11 of 11 people found the following review helpful
on 9 April 2002
I got this book from my local library and since then have tried unsuccessfully to buy it. It is a detailed and thought provoking review of the history of the Royal Navy's experience with aviation. Challenging many common views about the Royal Navy's conservative approach it shows that, within the constraints of politics and funding the Admiralty showed considerable innovation and was air minded.
Written by an well known American author this is the book to read about the development of carrier aviation within the Royal Navy and complements his other books, Carrier Air Power and the various Design Histories he has written about the United States Navy. However unlike his book 'US Carriers' here he also covers the philosophy and development of the aircraft planned and used by the Royal Navy, giving this book an extra dimmension.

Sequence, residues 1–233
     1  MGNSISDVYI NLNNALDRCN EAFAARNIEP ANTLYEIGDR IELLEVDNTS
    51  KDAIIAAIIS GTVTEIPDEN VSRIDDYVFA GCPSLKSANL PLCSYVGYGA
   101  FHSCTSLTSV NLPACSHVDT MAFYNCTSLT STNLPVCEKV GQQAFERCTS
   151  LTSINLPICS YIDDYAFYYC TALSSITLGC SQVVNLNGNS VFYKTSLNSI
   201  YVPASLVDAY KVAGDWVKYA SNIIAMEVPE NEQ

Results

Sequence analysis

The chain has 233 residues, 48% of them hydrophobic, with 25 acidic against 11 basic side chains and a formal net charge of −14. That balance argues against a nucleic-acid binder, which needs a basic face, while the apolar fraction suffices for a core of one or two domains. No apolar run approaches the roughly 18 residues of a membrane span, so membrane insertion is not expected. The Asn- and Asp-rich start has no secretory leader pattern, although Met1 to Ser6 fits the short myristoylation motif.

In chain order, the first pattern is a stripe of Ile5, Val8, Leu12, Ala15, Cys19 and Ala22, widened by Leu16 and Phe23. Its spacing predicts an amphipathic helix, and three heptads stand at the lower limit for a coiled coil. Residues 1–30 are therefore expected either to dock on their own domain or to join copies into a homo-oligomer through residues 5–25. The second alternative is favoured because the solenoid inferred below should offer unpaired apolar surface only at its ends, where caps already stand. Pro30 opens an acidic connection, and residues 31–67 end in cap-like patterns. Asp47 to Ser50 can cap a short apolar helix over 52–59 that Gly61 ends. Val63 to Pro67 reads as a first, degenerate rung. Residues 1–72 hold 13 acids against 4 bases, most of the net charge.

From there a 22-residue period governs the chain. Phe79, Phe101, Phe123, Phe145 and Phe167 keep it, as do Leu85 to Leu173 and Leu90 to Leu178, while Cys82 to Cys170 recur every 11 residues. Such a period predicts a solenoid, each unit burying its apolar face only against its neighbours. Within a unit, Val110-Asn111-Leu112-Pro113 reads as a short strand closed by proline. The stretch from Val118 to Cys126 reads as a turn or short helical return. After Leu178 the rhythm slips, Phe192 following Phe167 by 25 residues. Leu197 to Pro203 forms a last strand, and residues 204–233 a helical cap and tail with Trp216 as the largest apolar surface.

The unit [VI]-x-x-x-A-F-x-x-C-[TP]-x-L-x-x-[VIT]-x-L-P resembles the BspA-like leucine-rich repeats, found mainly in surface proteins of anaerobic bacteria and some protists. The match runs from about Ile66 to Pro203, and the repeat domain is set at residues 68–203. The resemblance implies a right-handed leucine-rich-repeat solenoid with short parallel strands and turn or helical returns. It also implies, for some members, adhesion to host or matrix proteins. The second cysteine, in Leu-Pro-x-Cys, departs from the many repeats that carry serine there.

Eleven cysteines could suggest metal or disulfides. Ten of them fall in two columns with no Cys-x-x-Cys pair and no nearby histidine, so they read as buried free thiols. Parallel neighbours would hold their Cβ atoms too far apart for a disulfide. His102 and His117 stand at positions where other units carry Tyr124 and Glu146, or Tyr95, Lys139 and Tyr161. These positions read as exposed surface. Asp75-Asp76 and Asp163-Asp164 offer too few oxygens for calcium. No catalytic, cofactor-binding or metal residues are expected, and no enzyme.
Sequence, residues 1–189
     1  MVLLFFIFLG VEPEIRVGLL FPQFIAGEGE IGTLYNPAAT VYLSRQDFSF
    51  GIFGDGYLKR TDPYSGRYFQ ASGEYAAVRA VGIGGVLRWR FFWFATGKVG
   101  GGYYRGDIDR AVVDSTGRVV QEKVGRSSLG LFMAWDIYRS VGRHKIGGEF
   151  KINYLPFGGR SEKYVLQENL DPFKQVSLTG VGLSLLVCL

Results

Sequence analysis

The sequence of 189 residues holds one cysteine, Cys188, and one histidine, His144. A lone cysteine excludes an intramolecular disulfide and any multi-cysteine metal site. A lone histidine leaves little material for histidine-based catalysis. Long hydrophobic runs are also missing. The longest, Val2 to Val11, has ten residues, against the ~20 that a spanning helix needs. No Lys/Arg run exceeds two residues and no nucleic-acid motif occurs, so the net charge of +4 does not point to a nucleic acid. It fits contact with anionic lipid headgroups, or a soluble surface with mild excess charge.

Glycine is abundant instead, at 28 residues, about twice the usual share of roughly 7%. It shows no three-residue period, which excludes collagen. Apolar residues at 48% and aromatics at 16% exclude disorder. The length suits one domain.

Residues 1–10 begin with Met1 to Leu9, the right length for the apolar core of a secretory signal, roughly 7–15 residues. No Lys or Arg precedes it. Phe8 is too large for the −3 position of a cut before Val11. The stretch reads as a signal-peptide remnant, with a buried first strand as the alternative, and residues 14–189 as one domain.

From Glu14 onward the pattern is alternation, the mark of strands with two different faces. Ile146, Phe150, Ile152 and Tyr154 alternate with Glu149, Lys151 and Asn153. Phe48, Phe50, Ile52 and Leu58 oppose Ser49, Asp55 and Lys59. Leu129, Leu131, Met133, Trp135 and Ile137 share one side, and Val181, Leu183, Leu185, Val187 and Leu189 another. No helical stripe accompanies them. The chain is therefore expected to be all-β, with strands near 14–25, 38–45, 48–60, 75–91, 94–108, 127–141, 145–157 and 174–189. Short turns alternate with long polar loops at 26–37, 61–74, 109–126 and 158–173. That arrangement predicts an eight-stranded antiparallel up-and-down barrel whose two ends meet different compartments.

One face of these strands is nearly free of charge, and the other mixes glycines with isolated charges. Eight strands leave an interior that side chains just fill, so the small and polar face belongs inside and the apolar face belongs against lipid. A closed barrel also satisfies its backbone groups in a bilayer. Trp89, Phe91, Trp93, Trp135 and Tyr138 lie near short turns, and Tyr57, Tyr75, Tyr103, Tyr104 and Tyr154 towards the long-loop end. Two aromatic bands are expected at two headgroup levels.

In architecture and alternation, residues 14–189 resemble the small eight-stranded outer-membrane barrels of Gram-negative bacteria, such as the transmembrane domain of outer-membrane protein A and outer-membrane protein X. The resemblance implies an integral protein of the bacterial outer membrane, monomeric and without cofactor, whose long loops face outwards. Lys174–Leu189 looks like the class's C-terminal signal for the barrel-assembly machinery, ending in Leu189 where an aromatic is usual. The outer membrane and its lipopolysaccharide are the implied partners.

One point is that this book was written in 1988 and therefore does not cover subsequent operations or the current plans to build new carriers. It may be time for a revised edition.
Very enjoyable to read, this book is essential for any serious student of the Royal Navy in the Twentieth Century and particularly Carrier Aviation. It should be read in conjunction with 'The Design and Construction of British Warships 1939-1945 Vol.1 Major Surface Warships' edited by D K Brown for the official view of the design history of the vessels actually placed in service. Other books of interest are 'From Nelson to Vanguard' by D K Brown and 'Eclipse of the Big Gun' and 'Navies in the Nuclear Age' both part of 'The History of Ships' series edited by Robert Gardiner.